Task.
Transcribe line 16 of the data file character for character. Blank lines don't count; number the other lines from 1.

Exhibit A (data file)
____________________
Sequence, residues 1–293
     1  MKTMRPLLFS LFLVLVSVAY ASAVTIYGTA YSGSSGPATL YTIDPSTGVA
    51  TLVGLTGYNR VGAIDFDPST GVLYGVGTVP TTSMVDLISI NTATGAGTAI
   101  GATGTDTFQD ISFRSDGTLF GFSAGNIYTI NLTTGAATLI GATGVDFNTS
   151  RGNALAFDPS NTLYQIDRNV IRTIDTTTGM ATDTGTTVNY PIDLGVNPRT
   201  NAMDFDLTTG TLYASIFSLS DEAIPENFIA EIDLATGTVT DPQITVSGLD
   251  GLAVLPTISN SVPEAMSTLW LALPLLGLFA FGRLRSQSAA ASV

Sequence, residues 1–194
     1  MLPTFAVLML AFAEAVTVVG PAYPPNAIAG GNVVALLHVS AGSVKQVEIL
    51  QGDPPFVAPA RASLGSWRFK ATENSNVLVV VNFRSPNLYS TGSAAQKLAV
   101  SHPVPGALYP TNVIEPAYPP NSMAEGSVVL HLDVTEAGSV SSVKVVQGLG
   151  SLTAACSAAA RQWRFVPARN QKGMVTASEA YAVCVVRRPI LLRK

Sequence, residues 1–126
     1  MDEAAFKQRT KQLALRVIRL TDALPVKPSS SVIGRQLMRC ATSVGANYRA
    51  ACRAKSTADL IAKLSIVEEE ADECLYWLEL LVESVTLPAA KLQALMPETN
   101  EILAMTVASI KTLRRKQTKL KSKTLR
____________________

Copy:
   101  EILAMTVASI KTLRRKQTKL KSKTLR